California Calexit organizers have successfully convinced the California government to allow them to gather the signatures necessary to present a secession ballot in the 2018 election that would call for a 2019 vote to secede from the United States, creating a California nation. According to the Associated Press, this already existing secessionist movement began gathering steam the moment Donald Trump was elected to the White House.
'Calexit' organizers collecting signatures to get secession on ballot… https://t.co/gPabIpAmpR
— DRUDGE REPORT (@DRUDGE_REPORT) January 27, 2017
Almost one-third of all Californians currently support the idea of a California Calexit in which they would secede from the United States. As with the Brexit vote in the U.K., it’s quite possible that active campaigning by the initiative’s organizers could increase this percentage significantly.
As reported by USA Today, part of the purpose of the Calexit ballot initiative is to change the wording of certain clauses in the California Constitution that declare it to be an “inseparable part of the United States” and stating that the United States Constitution is the “supreme law of the land.” This would make possible a vote on California seceding from the United States.
California Nationhood Amendment
But even assuming that the ballot initiative is successful and that a resulting secession vote for a California Calexit is “Yes,” there would still be obstacles to actually achieving a separate California nation. One of the principal problems is that the rest of the country has a say in whether California can actually do this or not.
For California to secede from the United States in a Calexit, a California Nationhood Amendment to the Constitution would have to be passed by the United States Congress and ratified by 38 states. This might seem like a fairly high hurdle – and it is. But people thought Brexit was unlikely to happen as well.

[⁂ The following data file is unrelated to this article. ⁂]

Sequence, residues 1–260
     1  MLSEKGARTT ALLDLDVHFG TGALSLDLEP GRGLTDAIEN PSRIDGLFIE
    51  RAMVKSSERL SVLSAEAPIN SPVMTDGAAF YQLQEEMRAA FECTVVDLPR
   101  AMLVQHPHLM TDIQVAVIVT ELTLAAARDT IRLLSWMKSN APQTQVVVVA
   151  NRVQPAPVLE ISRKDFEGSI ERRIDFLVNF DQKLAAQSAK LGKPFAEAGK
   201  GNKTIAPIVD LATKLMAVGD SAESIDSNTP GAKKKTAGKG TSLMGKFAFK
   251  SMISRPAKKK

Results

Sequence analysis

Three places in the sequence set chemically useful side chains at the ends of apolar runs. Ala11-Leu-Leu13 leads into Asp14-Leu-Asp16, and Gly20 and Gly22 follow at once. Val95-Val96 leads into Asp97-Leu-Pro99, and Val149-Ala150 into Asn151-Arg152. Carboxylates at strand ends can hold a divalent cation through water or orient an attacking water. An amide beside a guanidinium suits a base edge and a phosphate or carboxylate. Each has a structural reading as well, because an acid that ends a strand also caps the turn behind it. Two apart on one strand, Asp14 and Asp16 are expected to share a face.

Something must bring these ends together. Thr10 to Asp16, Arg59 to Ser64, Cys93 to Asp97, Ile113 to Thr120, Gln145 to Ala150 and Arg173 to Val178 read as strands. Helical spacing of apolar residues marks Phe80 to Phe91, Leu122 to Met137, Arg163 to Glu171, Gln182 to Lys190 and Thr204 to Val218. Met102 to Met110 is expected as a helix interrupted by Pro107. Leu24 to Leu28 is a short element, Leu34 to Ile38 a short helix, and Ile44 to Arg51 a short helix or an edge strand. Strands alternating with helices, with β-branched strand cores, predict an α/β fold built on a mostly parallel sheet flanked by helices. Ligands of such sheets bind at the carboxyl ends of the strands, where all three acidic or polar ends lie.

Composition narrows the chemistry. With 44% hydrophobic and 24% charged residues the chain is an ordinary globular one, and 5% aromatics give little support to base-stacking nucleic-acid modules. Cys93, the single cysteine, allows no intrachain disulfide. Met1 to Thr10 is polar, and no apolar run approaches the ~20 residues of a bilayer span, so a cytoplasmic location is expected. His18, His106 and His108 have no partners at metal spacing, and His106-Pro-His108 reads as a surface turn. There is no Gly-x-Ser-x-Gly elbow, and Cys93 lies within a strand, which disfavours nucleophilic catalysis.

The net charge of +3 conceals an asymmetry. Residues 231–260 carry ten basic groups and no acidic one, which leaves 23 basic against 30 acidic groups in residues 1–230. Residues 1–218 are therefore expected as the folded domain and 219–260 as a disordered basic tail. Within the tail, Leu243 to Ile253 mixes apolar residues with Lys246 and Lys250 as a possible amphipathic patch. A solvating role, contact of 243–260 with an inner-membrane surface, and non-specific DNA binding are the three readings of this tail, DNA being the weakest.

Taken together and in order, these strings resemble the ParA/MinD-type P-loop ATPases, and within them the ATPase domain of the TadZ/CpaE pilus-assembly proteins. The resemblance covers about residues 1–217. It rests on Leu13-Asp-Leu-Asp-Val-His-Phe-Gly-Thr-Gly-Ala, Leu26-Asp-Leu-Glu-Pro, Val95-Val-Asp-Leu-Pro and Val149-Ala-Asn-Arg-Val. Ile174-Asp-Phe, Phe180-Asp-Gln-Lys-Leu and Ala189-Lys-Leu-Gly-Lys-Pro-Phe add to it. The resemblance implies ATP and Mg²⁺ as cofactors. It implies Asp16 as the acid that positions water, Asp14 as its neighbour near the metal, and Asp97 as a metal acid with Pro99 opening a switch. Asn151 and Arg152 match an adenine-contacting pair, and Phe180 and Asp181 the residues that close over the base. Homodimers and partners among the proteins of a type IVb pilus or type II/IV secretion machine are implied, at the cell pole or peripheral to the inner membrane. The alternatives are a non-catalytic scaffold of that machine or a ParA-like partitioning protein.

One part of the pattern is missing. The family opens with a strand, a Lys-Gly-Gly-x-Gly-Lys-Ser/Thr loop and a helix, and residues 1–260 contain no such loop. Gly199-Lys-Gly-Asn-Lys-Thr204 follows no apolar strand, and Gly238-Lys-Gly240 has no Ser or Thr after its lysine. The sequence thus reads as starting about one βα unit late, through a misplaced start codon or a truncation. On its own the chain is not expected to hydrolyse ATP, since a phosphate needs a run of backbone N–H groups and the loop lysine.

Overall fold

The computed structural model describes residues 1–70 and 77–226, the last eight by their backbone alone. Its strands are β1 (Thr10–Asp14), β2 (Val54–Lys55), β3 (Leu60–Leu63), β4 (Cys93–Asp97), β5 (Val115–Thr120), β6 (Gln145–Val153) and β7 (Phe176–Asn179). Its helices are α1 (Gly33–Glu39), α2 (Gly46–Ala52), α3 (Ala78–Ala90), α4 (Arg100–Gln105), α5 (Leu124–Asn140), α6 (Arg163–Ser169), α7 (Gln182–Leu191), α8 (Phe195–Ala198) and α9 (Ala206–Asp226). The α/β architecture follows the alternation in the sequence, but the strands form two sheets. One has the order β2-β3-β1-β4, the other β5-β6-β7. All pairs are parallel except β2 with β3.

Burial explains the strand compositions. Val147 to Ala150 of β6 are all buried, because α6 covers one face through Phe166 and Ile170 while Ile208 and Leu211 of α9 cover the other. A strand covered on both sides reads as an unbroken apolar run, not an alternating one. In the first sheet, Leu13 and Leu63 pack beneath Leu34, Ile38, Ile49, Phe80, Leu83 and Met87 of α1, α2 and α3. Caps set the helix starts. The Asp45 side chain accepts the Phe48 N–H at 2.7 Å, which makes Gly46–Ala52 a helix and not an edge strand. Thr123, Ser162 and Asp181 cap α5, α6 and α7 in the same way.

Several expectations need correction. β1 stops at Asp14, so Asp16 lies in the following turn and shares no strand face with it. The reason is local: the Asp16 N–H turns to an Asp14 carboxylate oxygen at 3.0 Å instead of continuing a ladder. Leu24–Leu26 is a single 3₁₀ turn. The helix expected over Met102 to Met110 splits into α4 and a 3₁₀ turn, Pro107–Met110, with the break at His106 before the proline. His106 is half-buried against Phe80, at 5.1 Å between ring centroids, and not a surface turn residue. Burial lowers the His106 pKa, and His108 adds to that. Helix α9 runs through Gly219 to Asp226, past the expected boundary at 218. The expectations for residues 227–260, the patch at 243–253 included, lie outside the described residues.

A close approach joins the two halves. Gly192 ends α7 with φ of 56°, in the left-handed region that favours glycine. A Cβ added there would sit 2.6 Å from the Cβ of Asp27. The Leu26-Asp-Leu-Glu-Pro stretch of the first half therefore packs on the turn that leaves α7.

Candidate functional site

But as one of the organizers of the Calexit ballot initiative has pointed out, many of the people living in states that elected Donald Trump don’t like California or Californians, often wishing the state would fall into the sea. So a California Calexit amendment to the Constitution might just be something they can get on board with.
Of course, once California – which contributes almost $300 billion to the federal budget in taxes and receives much less in return – is gone, many of those people in red states might wonder what happened to all of their federal funding. Most Trump supporters seem to believe that they prop up California, instead of the other way round.
Calexit: One Third of Californians Want State to Secede https://t.co/r5EBes5dzy
— PHIL????4TRUMP????????✝️ (@PinkBelgium) January 25, 2017
All the Bureaucratic Details
There would be – in the event of a successful California Calexit initiative – endless details that would have to be worked out between the United States government and the newly minted nation of California. For instance, what would happen to the Social Security fund? Would California get back those sums that it contributed to the fund, or some percentage based on its population? Or would they still use the existing Social Security program?
An agreement might be worked out where California citizens would still have access to the United States Social Security fund, in the same way that expatriates can live in Mexico and still get their check. But Medicare and Medicaid would also have to be transferred to California.
— #CalExit NaphiSoc (@NaphiSoc) January 18, 2017
In the aftermath of a successful California Calexit, there would be the issue of a California military – assuming California wanted one at all. Given that California would be bordered by the ocean and otherwise surrounded by a country that presumably would not invade it, military expenditures might be unnecessary.
Yes, a California Calexit vote in the affirmative is highly unlikely. This is especially the case because the secession of California to form its own separate nation would also require the passage of the aforementioned constitutional amendment that might never make it out of committee, let alone see ratification by 38 states. Still, the odds have increased significantly since the election of Donald Trump – and are only likely to rise as Donald Trump’s antics continue in the coming months.
[Featured Image by Justin Sullivan/Getty Images]